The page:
It was a special night for the Montreal Canadiens organization.
Founded on Dec. 4, 1909, the Canadiens celebrated 100 years of excellence, passion, and tradition on Friday night.
Having reunited many of the franchise's past greats, such as Jean Beliveau, Guy Lafleur, Patrick Roy, etc., the Canadiens marketing department organized a magical night where past players and coaches were honored.
One of the biggest highlights of this night was to see past legends of the club in full uniform reunited on the ice for one final skate.
It was truly amazing to see Patrick Roy wearing all his goalie equipment, stopping shots just like in the good old days, although Saint Patrick later admitted in his speech to the Bell Centre crowd that, "It's a good thing that those warmups lasted only five minutes."
Humor aside, some of the greatest players in Montreal Canadiens history, and hockey history for that matter, were able to reunite and reminisce about the past as they all prepared in the locker room.
In a post game show on RDS called L'Antichambre , past players such as Eric Desjardins, Patrice Brisebois, Pierre Turgeon, Rejean Houle, Pierre Bouchard, and Claude Lemieux were invited to to share their thoughts on the night as a whole and their experiences with the Montreal Canadiens.
All players had interesting things to say, but all of them duly pointed out that Mike Cammalleri was one of the few Canadiens players to come visit the locker room to shake hands with and congratulate each and every player.
After scoring three goals in leading his team to victory, Cammalleri certainly honored the Canadiens' past.
Each former player was asked who they thought would be fit to be the next Canadiens captain, and the nearly unanimous answer was the name of Mike Cammalleri.
The Canadiens' leading goal scorer has not only been one the team's key players, but he has quietly been emerging into a team leader.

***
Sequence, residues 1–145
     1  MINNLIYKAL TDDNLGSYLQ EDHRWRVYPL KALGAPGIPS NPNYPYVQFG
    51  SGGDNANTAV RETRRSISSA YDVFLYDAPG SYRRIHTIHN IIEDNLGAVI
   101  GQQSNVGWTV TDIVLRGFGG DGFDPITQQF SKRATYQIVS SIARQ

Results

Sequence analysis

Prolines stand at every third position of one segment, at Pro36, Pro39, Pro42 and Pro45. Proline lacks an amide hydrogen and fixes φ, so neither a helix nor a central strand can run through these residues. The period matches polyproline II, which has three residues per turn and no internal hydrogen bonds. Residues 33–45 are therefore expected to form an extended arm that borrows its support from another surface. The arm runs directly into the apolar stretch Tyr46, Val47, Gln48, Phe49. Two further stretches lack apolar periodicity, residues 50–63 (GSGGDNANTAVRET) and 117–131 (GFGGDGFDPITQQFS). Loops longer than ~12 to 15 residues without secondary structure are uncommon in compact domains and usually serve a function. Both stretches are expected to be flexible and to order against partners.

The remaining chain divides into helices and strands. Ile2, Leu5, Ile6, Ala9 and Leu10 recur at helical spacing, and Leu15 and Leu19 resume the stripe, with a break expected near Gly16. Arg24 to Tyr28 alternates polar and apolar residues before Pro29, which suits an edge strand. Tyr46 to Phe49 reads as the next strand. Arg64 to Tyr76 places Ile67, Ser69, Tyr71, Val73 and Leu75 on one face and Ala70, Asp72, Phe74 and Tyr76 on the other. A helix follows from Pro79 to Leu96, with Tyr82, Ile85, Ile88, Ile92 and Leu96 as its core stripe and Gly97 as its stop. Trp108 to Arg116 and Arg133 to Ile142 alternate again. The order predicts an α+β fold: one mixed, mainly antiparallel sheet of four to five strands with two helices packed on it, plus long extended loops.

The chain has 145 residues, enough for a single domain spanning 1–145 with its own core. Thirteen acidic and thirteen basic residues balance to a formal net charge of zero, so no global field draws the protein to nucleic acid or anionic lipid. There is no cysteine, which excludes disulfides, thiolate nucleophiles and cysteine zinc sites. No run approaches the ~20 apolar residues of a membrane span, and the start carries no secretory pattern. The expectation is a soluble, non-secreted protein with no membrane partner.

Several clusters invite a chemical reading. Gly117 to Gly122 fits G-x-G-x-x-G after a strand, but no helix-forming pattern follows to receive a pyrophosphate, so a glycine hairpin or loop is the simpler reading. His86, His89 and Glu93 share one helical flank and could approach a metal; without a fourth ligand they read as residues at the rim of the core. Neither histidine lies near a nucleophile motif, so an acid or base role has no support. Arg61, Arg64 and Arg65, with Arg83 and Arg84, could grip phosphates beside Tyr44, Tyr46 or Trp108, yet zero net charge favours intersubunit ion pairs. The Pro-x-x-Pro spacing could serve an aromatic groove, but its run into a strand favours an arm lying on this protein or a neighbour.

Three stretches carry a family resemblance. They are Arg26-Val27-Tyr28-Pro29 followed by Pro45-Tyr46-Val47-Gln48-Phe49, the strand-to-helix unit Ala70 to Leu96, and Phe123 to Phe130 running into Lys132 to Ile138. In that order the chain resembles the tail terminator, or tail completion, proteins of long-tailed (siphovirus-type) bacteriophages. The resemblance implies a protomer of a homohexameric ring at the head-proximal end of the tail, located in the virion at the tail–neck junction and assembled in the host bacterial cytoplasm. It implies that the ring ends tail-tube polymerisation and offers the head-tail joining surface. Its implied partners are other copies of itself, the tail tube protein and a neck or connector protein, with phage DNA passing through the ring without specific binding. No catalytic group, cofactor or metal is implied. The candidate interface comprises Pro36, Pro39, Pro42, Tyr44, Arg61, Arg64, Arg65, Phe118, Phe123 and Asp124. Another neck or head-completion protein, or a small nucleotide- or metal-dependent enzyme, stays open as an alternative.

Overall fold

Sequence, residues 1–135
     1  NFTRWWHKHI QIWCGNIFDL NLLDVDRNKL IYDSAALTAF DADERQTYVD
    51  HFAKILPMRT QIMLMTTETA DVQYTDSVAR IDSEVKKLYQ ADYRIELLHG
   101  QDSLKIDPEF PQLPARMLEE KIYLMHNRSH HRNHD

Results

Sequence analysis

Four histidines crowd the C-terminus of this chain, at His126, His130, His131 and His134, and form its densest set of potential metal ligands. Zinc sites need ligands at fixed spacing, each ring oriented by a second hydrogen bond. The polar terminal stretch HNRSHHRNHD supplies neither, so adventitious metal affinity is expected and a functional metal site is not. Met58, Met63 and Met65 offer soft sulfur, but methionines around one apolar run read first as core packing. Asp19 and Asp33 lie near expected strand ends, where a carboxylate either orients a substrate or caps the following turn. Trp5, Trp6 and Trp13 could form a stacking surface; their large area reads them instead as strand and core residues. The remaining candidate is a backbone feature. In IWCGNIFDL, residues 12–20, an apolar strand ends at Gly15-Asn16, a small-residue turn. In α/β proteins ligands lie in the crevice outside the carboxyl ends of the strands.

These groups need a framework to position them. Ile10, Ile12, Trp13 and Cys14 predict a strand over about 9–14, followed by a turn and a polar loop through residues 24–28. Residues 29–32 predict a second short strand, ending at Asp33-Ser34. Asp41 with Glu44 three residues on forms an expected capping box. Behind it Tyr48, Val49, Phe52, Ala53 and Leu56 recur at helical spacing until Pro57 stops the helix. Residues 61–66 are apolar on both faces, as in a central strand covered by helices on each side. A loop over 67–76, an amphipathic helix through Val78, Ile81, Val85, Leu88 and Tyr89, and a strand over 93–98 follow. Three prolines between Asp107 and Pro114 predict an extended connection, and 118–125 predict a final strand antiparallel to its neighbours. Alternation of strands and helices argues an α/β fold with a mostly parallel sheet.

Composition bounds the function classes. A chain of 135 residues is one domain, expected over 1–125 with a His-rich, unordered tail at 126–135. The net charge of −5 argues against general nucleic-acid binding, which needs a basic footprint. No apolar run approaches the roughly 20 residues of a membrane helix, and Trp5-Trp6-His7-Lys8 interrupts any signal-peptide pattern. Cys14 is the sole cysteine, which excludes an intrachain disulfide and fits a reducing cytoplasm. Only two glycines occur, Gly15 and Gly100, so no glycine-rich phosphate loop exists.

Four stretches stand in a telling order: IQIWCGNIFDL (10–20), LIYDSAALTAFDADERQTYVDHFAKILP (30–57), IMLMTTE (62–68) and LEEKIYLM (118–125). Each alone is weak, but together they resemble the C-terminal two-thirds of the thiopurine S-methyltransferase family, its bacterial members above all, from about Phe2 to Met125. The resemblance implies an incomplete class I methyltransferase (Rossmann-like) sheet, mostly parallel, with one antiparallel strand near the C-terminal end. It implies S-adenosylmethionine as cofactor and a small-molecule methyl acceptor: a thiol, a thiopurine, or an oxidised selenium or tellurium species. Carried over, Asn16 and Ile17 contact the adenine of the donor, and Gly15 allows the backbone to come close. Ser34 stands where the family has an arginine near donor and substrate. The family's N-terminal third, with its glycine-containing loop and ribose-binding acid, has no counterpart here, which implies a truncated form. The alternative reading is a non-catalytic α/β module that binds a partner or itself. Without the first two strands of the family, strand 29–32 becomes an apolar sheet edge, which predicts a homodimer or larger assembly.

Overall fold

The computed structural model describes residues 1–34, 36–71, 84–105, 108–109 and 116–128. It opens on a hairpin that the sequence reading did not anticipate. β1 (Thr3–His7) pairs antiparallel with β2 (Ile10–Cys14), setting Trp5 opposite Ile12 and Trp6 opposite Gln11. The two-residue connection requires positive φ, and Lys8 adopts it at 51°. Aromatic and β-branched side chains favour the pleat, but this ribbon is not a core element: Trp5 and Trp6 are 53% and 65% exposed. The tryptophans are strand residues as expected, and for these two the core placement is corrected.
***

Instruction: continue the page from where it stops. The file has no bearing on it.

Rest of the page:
The Montreal squad has already dealt with its fair share of adversity and criticism early on in the season, and Cammalleri has not shied away from being up front and about the team's difficulties.
Never one to shy away from criticism, Mike Cammalleri not only answers the team's critics verbally, but he answers them even more emphatically on the ice, as his 15 goals and two hat tricks suggest.
Besides Tomas Plekanec, Cammalleri has been the best offensive player for the Canadiens. His panache for scoring goals in bunches has electrified the Montreal crowds on several occasions and as previously mentioned, has stepped up to the plate to answer criticism directed at the team.
While he has not tried to take the blame for the team's downfalls, Cammalleri is one of the few players to speak up after losses. He has shown leadership qualities in the process by lifting his team with his goal scoring and intensity.
Coincidentally, for the first time in the franchise's 100 years of existence, no player has a "C" embroidered over his heart.
In the midst of a roller coaster start to the season, it would be highly beneficial to the team if a captain were to be named, so that the players would have someone to look up to.
Also, the team would have more of an identity and fans could automatically associate with the player when thinking the team.
Early on in the Canadiens' first hundred years of existence, another star with small stature named Howie Morenz was the face of Le Club de Hockey Canadien.
Although it is early to make such comparisons, with a string of high scoring seasons and a captaincy, it wouldn't be too far-fetched to speak of Cammalleri in the same class as Morenz.
Beyond his offensive contributions, his leadership qualities and statesmanship show that he is captain material.
Bob Gainey should not wait any longer to make Mike Cammalleri the 28th captain of the Montreal Canadiens.